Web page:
So having failed to take my cues from inside my own consciousness and write about losing Don all those many end-of-the-summers ago, listening to a friend who said there was nothing that interesting about widowing, I doff my curls to Joan Didion who has done it better than anyone could, except that she was spared the additional gut-wrench of watching it happen, slowly, and unashamedly parodize her best title to tell you where I am now. Having settled in Brentwood, quite surprisingly an actual neighborhood in this spread-out locale where neighborhoods don't much exist, that is to say, those little patches of community one can feel a part of and walk the streets of without being stopped by a Black and White to ask you what you're doing there, not quite ready for the answer "Walking," much or most of the interaction being on the telephone, with any movement in cars-- not even a lot of splashing in the fairly ubiquitous swimming pools, since I seem to be the only one using them for exercise, at least in my building, the pool being at the rear of the parking garage so it offers little lure for lounging-- and having forsworn, for the nonce, travel,like Napoleon's army I am traveling on my belly. That is to say, I am donning the cloak of Foodie, and touring through my tongue.
Mimi and I have been lunchtime headquartering at an amiable trattoria called 'Sortino', where I can sit under an umbrella at a table with a friend I actually have something to say to, though that, too, has become occasional and minimalistic, as I got an e-mail from my Scottish Quakerly buddy Rosie in response to one of my poems, saying I am best when I travel inside, so I am paring off people rather than pairing off, and farming my solitude. Then, down San Vicente I found an exquisite Italian restaurant called 'Pecorino', where the fior di zucchini was as light and creamy when the crunch of the breading was bitten into, oozily, as opposed to that in an impossibly noisy restaurant in Hollywood called 'Jar', which is, as the late Paris Hilton might have said if she could speak, 'Hot', except it is also tasteless. The waitress, one of the few doubling as actress women in town who was charmless and funless, announced they had 'squash blossoms,' and when I asked if she meant 'zucchini blossoms,' that most delicate of summer dishes in Rome, gave me a stare as blank as her brainpan, and brought the dish, so flat and heavy it was, indeed, squash blossoms. All this to say I will do an extensive piece on Pecorino to inaugurate my new websites, www.theworldonaplatter.com, and www.willblogforfood.net. I am transforming into my next skin, that of Foodie, since I am still cuter than Gael Greene and writing food is the same as writing about sex, with all the like adjectives, and I always did that better than almost anybody, Don would be the first to tell you if he were here.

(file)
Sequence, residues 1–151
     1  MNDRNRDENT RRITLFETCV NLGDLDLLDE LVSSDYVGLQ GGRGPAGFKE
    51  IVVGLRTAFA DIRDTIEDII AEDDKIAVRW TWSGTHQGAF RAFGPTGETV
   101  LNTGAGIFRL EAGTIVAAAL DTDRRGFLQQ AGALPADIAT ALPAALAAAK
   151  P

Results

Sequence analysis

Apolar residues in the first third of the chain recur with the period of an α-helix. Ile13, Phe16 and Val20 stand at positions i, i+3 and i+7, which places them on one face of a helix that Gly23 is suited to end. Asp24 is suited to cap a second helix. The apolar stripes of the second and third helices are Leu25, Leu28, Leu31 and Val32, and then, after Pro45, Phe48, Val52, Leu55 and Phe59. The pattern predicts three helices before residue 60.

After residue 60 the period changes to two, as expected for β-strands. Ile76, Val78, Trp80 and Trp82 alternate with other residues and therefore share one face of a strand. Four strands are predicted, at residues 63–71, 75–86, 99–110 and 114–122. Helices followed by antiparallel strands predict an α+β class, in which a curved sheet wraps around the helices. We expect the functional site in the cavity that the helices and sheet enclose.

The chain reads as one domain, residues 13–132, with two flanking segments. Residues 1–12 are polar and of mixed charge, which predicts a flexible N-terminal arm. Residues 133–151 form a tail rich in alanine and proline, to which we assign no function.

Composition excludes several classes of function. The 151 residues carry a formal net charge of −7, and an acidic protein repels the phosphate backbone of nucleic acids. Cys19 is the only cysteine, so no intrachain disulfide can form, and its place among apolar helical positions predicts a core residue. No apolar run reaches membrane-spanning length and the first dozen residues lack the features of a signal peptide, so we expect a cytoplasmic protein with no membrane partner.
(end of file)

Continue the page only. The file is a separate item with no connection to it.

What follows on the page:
In the meantime, I go for actual lunches, and write poems. Here, the one from Katsuya, newly opened just down the road on San Vicente.
Now whether or not you've been there
Japan is very pricey
So the tourist
Which I am,
Just passing through Life
On my way to someplace else
I sincerely hope
Feels somewhat pressed
At a sushi bar in Tokyo
So I recommend Katsuya
On the corner of San Vicente
Where the pale, stripped wooden floors
Recall a ryokan in Kyoto
And the recorded music
Sings of a vanished love
That only seemed like love at the time
For the heart was empty
And the arms ached to be full.
So much for the poem. The food, Pan-Asian or something equally affected and bullshitty unless you're having handrolls, --for example, the seared tuna and spinach salad comes with too much soy sauce. Mimi, however, enjoyed her water in a very fine ceramic bowl.
Much love to you all. We who are about to eat salute you.